Our voyage from the Montebello Islands to Dampier was a bit unusual. We left the Main Beach anchorage on Trimoulle Island nice and early at 4am to catch the best of the day’s wind for the 70 mile sail as it was forecast to die out during the day. As it happened the wind had gone by 7.30 and we did the rest of the trip with the sails up and the motor on very low revs. Extracting every drop of energy we could from the fickle breeze we began to round the southern end of Enderby Island in the Dampier Archipelago in the early afternoon.
|The famous Red Dog of Dampier|
This was a gentle introduction to the crazy industrial activity of the Dampier region as bits infrastructure and vessels gradually unfolded before us. We were aware of being in or on the edge of a shipping lane which some service vessels were sharing with us and others came into sight on moorings between the islands as we made our way along. As we came closer to the main action we could see a huge ship heading towards us around a corner. We didn’t know where she was headed but we could see she was empty so presumably going to one of several wharfs. As the gap between us closed she began to turn across our path churning up the silt from the sea bed with her rudder and propellers, the equivalent of wheel spin in a car. This was one of the numerous 300 metre long iron ore ships which are in and out of Dampier all the time. We slowed right down as we waited for this monster to cross in front of us and tie up at the loading dock to our right. Welcome to Dampier!
|Monster iron ore ship|
|Crossing in front of us - busy shipping lanes|
Upstart found her way into a little backwater which contained a few dozen support vessels on moorings and the wonderful Hampton Harbour Boating and Sailing Club. As we anchored and switched off our own motor we became aware of the rumble of the massive conveyer belt a few hundred metres away on a bridge over a kilometre long which was moving iron ore to the ships. Some sort of deep rumbling is the constant sound track of Dampier and together with a fine layer of iron ore dust you certainly know you are in mining country.
We stayed there for 4 days doing laundry, eating at the club, filling water tanks and doing a full day’s mission into the main town of Karratha 20km away for diesel, gas and provisions. The shopping trip was made possible by the generous provision of a loan car from the club for visiting boats.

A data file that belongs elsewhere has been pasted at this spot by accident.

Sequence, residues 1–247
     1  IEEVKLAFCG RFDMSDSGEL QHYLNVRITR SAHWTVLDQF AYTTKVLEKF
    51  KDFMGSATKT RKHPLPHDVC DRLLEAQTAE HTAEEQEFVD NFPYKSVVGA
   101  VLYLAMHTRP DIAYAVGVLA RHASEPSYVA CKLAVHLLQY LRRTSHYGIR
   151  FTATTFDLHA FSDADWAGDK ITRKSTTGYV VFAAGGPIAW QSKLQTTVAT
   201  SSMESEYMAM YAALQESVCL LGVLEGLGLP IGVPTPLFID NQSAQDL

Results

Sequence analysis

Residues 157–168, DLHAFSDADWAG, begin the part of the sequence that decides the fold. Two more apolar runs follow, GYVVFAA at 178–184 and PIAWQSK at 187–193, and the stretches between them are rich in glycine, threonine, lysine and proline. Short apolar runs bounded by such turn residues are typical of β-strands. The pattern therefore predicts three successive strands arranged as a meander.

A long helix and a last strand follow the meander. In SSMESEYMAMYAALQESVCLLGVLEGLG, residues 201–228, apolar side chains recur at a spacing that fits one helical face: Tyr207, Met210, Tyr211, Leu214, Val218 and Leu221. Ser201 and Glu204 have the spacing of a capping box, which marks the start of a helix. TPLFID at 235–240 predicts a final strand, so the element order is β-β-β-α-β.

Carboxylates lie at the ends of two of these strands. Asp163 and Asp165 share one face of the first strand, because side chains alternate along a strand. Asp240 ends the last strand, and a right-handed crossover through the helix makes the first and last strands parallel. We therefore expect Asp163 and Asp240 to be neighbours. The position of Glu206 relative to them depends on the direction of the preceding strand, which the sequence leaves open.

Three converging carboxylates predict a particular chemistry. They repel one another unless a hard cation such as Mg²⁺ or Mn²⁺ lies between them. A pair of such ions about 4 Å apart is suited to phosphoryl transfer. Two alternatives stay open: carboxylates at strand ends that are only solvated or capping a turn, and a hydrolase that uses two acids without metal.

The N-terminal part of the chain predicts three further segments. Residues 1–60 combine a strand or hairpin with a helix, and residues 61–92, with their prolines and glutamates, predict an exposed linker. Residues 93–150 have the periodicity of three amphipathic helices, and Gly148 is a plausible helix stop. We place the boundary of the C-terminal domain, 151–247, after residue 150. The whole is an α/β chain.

|Karratha shopping expedition results|
Jenni was excited to meet up with Carol an old mate from school she hadn’t seen for many, many years. We had a lovely gourmet dinner at her house and met her partner Pete who also had a yacht in the harbour. A few days later we met them both out at Marnie Bay and enjoyed an evening on the beach playing Finska and drinking champagne.
|Three amigos - friends at Marney Bay|
|Sunset champagne and Finska games|
We then spent the next week exploring the islands in the area. None of them are permanently inhabited but many of have shacks which people use for holidays. Every family seems to have a boat with a large outboard motor and the weekends are busy. We realised what a great thing it was for the people living and working in such a filthy environment to be able to escape to the pristine waters and beaches of these islands.
|Rocks and shacks, Dampier Archipelago|
|More bloomin' rocks|
|and beautiful blooms|
|leading to someone's front door|
We stopped at Yardie Creek picking our way through a rock strewn area to anchor at a lovely beach about 5 miles south of the creek. Then south to Maud’s Landing for a night then a short hop to Monck Head at Coral Bay a few miles further on. We then followed ‘42’ inside the reef to Warroora about 10 miles south, threading our way through the coral ‘bombies’ and passing some of the many small openings in the reef where waves were just peaking in the area we needed to cross. If the swell had been half a metre bigger it would have been breaking and not passable. Very exciting!
This time rather than anchoring on the beach side we dropped the hook in a sandy patch just inside the reef. This enabled us to do a really lovely drift snorkel along the spectacular reef. We saw giant clams, turtles, loads of brightly coloured fish and some of the prettiest coral we have seen.
|Yardie Creek beach|
|Ningaloo outer reef|
|Underwater colour - nudibranch|
The following morning we left through a gap in the reef and had a beautiful fast sail for the 110 miles south to Carnarvon. Along the way we enjoyed seeing the capes and headlands in the lovely afternoon sunshine that we had missed seeing on the way north as we had sailed up in the dark. The Cape Cuvier salt loading dock is a particularly fascinating piece of industrial infrastructure, seemingly tacked on to a nook in the wild cliffs exposed to the vast Indian ocean. Apparently, it is one of a handful of open ocean loading docks in the world that only a small number of certified ships can use, and requires specially trained tug and wharf crew.
|Cape Cuvier salt dock|
We arrived in Carnarvon at about midnight, anchored in Teggs Channel and were welcomed by cold temperatures and warm greetings from our Carnarvon Yacht Club friends.
|Skipper and mate. |
A pair of white bellied sea-eagles surveying the fleet at Tantabiddi
|Skipjack tuna for tea|